White Beauty Standards & Lil’ Kim

In Toni Morrison’s, “The Bluest Eye” it is clear throughout “whiteness” is being associated with beauty, purity, happiness, and innocence within the book. This theme of whiteness allows us to discuss the term race, and how the differences amongst the races is the main source of tension, and worry within the novel. Looking into our Keywords from Children’s Literature, we read Katharine Capshaw Smith explain how, “representations of “race” often reflect history’s problematic racialist thinking.” Based in 1940’s, we see this problematic racial thinking Smith talks about when Cholly is humiliated by two white men while he is losing his virginity. Instead of focusing his anger on the two white men who caused this humiliating moment for Cholly, he directs his anger towards women. This example of how race has effected Cholly is just one of many example that could be pulled from the book. For just about every character in the book, there is a moment or moments of negativity in their lives caused by racist thoughts.

Messages that whiteness is superior are everywhere, white baby dolls given to Claudia, light-skinned Maureen being cuter than the other darker girls, Mrs. Breedlove sharing that Pecola is ugly and Geraldine cursing Pecolas blackness. Pecola suffers the most from these white standards of beauty, and while it is almost 80 years later in time some African Americans still suffer from these idolized white standards of beauty.

lil kimRecently there has been a lot of controversy revolving around Lil’ Kim, and rumors about her taking part in skin bleaching. In an article Lil’ Kim states that in her opinion, being black just isn’t beautiful. It’s unfortunate that celebrity figures like Lil’ Kim are putting out negative opinions about having African American skin. While she is entitled to an opinion, I feel as though this is a large step back for African Americans in their fight to promote African American beauty standards.

 

4 thoughts on “White Beauty Standards & Lil’ Kim”

  1. It seems like from these photos that Lil’ Kim is definitely using some sort of method to lighten her skin. This is extremely troubling to me since in the music she has created she has always come off as a confident African American woman. There needs to be a line for society where we need to respect an accept peoples personal beliefs about beauty, but it is extremely difficult to say where that line is especially when it comes to a celebrity who is in the public and eye and, either intentionally or not, is a role model for fans.

  2. Wow. This is really hard to see. I had no clue about Lil’ Kim’s challenges to accept her own beauty. It’s hard for me to fully grasp the entire situation and her experiences as I am privileged to have been born within the societally valued standards of beauty, perpetuated by the media, advertising industry, and material culture. The connection you draw between The Bluest Eye and Lil’ Kim is a good one, and really highlights that this is a very real problem even today. Her declaration that being black just isn’t beautiful is truly disheartening, but just goes to show how the rigid systems in place in our society that institutionally suppress people of color can have a very real effect on individuals. After years of being told one does not meet the traditional standards of “beauty”, it unfortunately isn’t entirely surprising that a person would go to such extremes as skin pigmentation and putting down his or her own race in order to distance themselves from their reality and elevate their own position. You are entirely right, Mariah, it is the time for everyone to come together to promote the qualities of all, including previously suppressed minorities, and expand beauty standards.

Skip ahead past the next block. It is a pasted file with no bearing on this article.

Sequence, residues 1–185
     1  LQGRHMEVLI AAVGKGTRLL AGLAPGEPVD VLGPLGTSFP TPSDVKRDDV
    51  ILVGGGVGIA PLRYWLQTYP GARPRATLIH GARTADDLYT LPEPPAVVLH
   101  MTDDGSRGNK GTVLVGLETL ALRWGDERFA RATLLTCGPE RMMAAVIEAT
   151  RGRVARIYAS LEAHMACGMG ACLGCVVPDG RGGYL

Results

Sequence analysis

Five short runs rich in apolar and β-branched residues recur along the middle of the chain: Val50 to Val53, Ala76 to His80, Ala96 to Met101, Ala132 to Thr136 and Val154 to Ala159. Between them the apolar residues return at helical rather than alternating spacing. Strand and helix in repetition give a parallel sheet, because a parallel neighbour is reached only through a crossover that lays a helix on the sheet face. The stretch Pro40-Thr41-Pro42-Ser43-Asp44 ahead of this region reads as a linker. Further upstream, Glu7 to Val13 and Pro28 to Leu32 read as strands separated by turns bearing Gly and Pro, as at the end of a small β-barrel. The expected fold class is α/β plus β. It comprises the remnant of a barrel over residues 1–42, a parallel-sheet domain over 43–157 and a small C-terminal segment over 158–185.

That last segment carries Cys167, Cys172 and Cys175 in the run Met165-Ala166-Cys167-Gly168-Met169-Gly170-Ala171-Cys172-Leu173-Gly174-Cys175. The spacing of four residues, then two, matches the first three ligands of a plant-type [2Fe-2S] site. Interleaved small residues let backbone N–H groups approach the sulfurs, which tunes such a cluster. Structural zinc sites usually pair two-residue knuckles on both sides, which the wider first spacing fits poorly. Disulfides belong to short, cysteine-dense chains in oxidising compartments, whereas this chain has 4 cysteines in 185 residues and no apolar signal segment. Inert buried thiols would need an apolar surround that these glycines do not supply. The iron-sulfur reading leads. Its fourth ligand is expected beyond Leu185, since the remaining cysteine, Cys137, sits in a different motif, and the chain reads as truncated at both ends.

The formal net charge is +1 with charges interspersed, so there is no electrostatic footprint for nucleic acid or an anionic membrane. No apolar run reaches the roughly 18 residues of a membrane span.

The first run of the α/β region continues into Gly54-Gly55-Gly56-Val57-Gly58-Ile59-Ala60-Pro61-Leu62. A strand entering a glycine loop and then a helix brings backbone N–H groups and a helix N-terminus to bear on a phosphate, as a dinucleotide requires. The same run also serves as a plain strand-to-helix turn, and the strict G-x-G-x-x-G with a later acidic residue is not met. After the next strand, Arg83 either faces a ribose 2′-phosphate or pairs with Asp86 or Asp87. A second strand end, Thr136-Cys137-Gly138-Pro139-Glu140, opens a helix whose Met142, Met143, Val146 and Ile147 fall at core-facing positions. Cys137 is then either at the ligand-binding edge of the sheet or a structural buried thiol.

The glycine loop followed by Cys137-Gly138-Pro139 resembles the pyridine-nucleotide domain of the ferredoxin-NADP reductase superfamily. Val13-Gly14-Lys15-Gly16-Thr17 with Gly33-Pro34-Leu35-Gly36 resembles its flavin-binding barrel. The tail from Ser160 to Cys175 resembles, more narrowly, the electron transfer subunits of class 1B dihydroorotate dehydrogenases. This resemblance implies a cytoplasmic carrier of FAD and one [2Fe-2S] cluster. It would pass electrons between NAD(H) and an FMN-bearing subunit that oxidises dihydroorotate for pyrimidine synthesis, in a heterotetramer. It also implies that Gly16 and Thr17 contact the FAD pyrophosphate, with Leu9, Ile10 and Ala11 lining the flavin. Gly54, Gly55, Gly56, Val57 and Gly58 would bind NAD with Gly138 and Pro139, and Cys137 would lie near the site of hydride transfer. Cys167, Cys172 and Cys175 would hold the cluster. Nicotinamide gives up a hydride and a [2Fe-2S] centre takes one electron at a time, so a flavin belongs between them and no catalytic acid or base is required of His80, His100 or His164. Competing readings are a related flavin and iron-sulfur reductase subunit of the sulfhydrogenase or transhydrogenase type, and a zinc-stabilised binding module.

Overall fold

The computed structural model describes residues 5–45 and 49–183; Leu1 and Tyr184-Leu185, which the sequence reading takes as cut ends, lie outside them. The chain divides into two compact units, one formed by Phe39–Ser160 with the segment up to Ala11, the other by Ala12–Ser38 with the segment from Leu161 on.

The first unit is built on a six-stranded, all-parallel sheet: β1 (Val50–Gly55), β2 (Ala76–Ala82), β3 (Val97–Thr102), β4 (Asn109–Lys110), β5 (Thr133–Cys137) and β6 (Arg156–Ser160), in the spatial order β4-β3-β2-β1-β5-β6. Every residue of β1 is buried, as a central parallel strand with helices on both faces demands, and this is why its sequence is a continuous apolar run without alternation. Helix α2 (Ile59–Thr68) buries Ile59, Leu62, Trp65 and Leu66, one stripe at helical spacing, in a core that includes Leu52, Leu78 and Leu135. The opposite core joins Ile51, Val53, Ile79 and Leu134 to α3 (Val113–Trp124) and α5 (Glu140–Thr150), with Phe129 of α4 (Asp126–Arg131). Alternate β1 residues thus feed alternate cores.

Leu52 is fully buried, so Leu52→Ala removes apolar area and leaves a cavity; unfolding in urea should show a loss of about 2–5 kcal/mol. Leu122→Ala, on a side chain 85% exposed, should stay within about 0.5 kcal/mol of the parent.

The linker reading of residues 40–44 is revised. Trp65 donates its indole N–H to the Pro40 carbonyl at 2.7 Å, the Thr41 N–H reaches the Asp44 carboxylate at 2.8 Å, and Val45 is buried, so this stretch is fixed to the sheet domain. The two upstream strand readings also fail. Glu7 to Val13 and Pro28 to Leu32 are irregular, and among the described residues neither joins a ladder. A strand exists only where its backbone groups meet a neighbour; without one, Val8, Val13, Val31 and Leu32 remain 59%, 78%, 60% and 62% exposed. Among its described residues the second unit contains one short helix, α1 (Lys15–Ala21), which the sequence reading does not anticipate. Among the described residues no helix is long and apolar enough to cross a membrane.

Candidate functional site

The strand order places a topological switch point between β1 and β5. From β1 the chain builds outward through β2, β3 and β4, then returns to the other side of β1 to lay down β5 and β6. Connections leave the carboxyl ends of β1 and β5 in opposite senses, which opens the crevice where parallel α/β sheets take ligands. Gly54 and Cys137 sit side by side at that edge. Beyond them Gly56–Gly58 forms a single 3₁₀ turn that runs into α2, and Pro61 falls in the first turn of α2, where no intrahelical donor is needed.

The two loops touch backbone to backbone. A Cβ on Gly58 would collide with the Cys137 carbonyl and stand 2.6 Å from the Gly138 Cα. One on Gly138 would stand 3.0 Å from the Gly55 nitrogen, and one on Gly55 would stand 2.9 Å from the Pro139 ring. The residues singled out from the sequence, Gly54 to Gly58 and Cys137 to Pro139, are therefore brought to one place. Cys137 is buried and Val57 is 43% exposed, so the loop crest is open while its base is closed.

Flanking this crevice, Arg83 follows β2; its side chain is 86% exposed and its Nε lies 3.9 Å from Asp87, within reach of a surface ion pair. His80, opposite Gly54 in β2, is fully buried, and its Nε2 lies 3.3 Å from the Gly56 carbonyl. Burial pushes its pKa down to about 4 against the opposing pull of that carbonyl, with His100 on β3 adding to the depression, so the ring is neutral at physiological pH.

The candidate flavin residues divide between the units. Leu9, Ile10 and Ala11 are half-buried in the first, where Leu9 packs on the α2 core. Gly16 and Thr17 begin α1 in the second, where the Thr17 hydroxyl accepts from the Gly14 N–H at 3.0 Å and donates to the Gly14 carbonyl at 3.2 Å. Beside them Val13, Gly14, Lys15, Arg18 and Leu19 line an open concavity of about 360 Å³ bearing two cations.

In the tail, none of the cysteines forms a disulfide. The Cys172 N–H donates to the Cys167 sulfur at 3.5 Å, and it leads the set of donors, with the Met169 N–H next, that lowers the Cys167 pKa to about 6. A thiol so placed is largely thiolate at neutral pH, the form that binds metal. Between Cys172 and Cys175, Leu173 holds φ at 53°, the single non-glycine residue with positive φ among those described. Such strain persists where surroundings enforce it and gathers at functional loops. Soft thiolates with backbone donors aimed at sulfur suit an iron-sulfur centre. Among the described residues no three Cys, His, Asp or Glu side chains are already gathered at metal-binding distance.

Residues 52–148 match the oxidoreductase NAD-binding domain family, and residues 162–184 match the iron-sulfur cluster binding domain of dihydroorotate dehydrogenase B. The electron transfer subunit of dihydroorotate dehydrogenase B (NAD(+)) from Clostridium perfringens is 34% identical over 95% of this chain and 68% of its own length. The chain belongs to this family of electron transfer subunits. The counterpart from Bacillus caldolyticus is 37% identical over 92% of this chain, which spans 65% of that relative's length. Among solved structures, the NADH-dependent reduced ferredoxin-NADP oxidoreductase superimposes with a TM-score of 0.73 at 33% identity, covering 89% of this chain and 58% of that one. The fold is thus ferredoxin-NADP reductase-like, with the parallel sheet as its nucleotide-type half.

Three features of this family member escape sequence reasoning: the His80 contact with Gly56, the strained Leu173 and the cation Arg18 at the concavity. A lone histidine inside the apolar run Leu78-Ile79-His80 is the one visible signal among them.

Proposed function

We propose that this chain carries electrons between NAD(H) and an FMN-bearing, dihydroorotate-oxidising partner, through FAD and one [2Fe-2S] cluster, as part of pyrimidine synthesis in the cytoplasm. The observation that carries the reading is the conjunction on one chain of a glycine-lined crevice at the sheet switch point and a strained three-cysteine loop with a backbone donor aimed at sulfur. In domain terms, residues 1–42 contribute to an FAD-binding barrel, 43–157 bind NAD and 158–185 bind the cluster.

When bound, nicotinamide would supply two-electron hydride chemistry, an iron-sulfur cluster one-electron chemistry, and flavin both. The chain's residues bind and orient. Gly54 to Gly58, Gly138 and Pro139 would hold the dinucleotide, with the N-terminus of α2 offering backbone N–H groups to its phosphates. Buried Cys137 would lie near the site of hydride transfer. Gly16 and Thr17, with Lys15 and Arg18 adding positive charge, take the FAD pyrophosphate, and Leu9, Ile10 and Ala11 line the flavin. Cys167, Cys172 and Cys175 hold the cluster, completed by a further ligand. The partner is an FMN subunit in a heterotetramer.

3. I think messages throughout history have done enough damage and have caused widespread negative thinking for African Americans. And now that Lil’ Kim has actually acted on these negative connotations associated with her darker skin, I think in a way she has sent the wrong message to her fans. Instead of embracing her true self and thinking of her skin as something that makes her unique, I feel Lil Kim has let society decide what she needs to look like, which is unfortunate.

  4. It is really sad to hear Lil Kim say that black isn’t beautiful. It’s almost hard to put the blame on her when this message is put forward all the time in popular culture. What do we expect girls and women to believe? Women of color are often absent from mass media. We have seen time after time that even when black women are featured on magazine covers for example, they’re skin is often photo-shopped to be lighter than it really is. Lil Kim is absorbing and reflecting the message she is receiving just like Pecola and Ms.Breedlove did.

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